iface wlan0:0 inet static
address 10.0.0.200
netmask 255.255.255.0

Symlink it so it gets included with ifup:

sudo ln -s /etc/pihole/pihole-if /etc/network/interfaces.d/

Bring up the new interface:

sudo ifup -v wlan0:0

Reconfigure network for Pi-Hole (the second IP should appear during the wizzard):

pihole -r

Configure lighttpd to listen to the new IP address only:

sudo nano /etc/lighttpd/lighttpd.conf

Add below line:

server.bind = "10.0.0.200"

To listen only to ipv4 requests, find and hash out below line before save/close the file:

# include_shell "/usr/share/lighttpd/use-ipv6.pl " + server.port

Reload lighttpd to apply new settings:

sudo service lighttpd reload

Have dnsmasq listen to the new IP by creating below file:

sudo nano /etc/dnsmasq.d/14-pihole-if.conf

Containing:

except-interface=wlan0
except-interface=lo
listen-address=10.0.0.200
#no-dhcp-interface=wlan0
bind-interfaces

Restart dnsmasq to apply new settings:

sudo service dnsmasq restart

This is from before:

pi@raspberrypi:~ $ sudo netstat -nltup | grep 'Proto\|lighttpd\|dnsmasq\|dhcpcd\|pihole-FTL'
Proto Recv-Q Send-Q Local Address           Foreign Address         State       PID/Program name
tcp        0      0 127.0.0.1:4711          0.0.0.0:*               LISTEN      469/pihole-FTL
tcp        0      0 0.0.0.0:80              0.0.0.0:*               LISTEN      786/lighttpd
tcp        0      0 0.0.0.0:53              0.0.0.0:*               LISTEN      8154/dnsmasq
tcp6       0      0 :::80                   :::*                    LISTEN      786/lighttpd
tcp6       0      0 :::53                   :::*                    LISTEN      8154/dnsmasq
udp        0      0 0.0.0.0:53              0.0.0.0:*                           8154/dnsmasq
udp        0      0 0.0.0.0:67              0.0.0.0:*                           8154/dnsmasq
udp        0      0 0.0.0.0:68              0.0.0.0:*                           572/dhcpcd
udp6       0      0 :::53                   :::*                                8154/dnsmasq

And this is after:

pi@raspberrypi:~ $ sudo netstat -nltup | grep 'Proto\|lighttpd\|dnsmasq\|dhcpcd\|pihole-FTL'
Proto Recv-Q Send-Q Local Address           Foreign Address         State       PID/Program name
tcp        0      0 127.0.0.1:4711          0.0.0.0:*               LISTEN      530/pihole-FTL
tcp        0      0 10.0.0.200:80           0.0.0.0:*               LISTEN      779/lighttpd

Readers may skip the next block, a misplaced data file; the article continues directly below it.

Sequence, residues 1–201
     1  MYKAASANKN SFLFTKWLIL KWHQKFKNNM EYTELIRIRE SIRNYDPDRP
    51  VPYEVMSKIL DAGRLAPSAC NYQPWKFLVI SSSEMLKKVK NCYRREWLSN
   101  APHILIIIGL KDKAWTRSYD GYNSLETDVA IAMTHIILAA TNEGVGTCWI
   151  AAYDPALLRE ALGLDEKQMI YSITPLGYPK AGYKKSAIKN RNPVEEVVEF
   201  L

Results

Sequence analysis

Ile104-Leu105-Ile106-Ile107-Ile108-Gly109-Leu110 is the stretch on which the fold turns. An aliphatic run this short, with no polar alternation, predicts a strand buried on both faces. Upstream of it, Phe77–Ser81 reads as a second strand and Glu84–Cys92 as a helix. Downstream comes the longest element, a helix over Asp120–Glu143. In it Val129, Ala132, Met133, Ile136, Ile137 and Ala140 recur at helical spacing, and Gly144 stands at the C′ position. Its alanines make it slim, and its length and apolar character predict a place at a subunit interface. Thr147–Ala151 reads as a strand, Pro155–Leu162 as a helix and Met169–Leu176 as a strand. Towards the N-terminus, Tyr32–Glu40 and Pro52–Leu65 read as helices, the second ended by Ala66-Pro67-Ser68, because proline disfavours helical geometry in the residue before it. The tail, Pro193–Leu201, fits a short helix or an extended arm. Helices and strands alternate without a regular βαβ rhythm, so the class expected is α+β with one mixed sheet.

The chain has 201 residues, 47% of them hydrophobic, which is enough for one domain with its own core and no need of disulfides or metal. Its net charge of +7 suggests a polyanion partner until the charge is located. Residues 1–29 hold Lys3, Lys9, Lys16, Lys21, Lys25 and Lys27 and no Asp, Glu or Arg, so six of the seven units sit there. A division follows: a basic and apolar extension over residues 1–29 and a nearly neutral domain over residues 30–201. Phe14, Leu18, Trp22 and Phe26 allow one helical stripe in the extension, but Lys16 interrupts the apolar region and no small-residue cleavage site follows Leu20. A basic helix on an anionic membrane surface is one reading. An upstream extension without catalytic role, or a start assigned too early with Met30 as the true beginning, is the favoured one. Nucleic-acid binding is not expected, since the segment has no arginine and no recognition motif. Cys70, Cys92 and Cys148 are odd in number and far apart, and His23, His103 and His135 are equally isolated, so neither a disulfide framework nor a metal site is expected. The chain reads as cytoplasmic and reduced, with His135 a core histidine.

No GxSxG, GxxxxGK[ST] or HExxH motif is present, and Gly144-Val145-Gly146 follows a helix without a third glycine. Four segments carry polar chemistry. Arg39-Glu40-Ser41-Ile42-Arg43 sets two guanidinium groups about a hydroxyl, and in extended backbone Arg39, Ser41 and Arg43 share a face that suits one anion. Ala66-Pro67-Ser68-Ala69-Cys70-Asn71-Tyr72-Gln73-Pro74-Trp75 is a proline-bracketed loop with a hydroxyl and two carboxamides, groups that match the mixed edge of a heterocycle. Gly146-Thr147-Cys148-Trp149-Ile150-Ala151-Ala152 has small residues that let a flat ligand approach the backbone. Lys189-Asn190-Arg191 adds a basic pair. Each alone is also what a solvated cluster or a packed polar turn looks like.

tcp        0      0 10.0.0.200:53           0.0.0.0:*               LISTEN      1713/dnsmasq
udp        0      0 10.0.0.200:53           0.0.0.0:*                           1713/dnsmasq
udp        0      0 0.0.0.0:67              0.0.0.0:*                           1713/dnsmasq
udp        0      0 0.0.0.0:68              0.0.0.0:*                           692/dhcpcd

The only one I was not able to bind was the dhcp service port 67.

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#10

Below is from a client and 10.0.0.13 being the physical interface IP of Pi-Hole:

$ dhclient -r && dhclient -v wlan0
Killed old client process
Internet Systems Consortium DHCP Client 4.3.5
Copyright 2004-2016 Internet Systems Consortium.
All rights reserved.
For info, please visit https://www.isc.org/software/dhcp/
Listening on LPF/wlan0/00:1f:3c:99:de:17
Sending on LPF/wlan0/00:1f:3c:99:de:17
Sending on Socket/fallback
DHCPDISCOVER on wlan0 to 255.255.255.255 port 67 interval 8
DHCPREQUEST of 10.0.0.220 on wlan0 to 255.255.255.255 port 67
DHCPOFFER of 10.0.0.220 from 10.0.0.13
DHCPACK of 10.0.0.220 from 10.0.0.13
bound to 10.0.0.220 -- renewal in 42619 seconds.

$ host pi.hole
pi.hole has address 10.0.0.200

$ curl -I http://10.0.0.200
HTTP/1.1 404 Not Found
X-Pi-hole: A black hole for Internet advertisements.
Content-type: text/html; charset=UTF-8
Date: Tue, 20 Jun 2017 01:06:24 GMT
Server: lighttpd/1.4.35

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#11

That’s a solution that works, but it wouldn’t work cross platform with all the OSes that we support unfortunately. Also would be very hard to script that kind of a configuration. But thanks for the posts!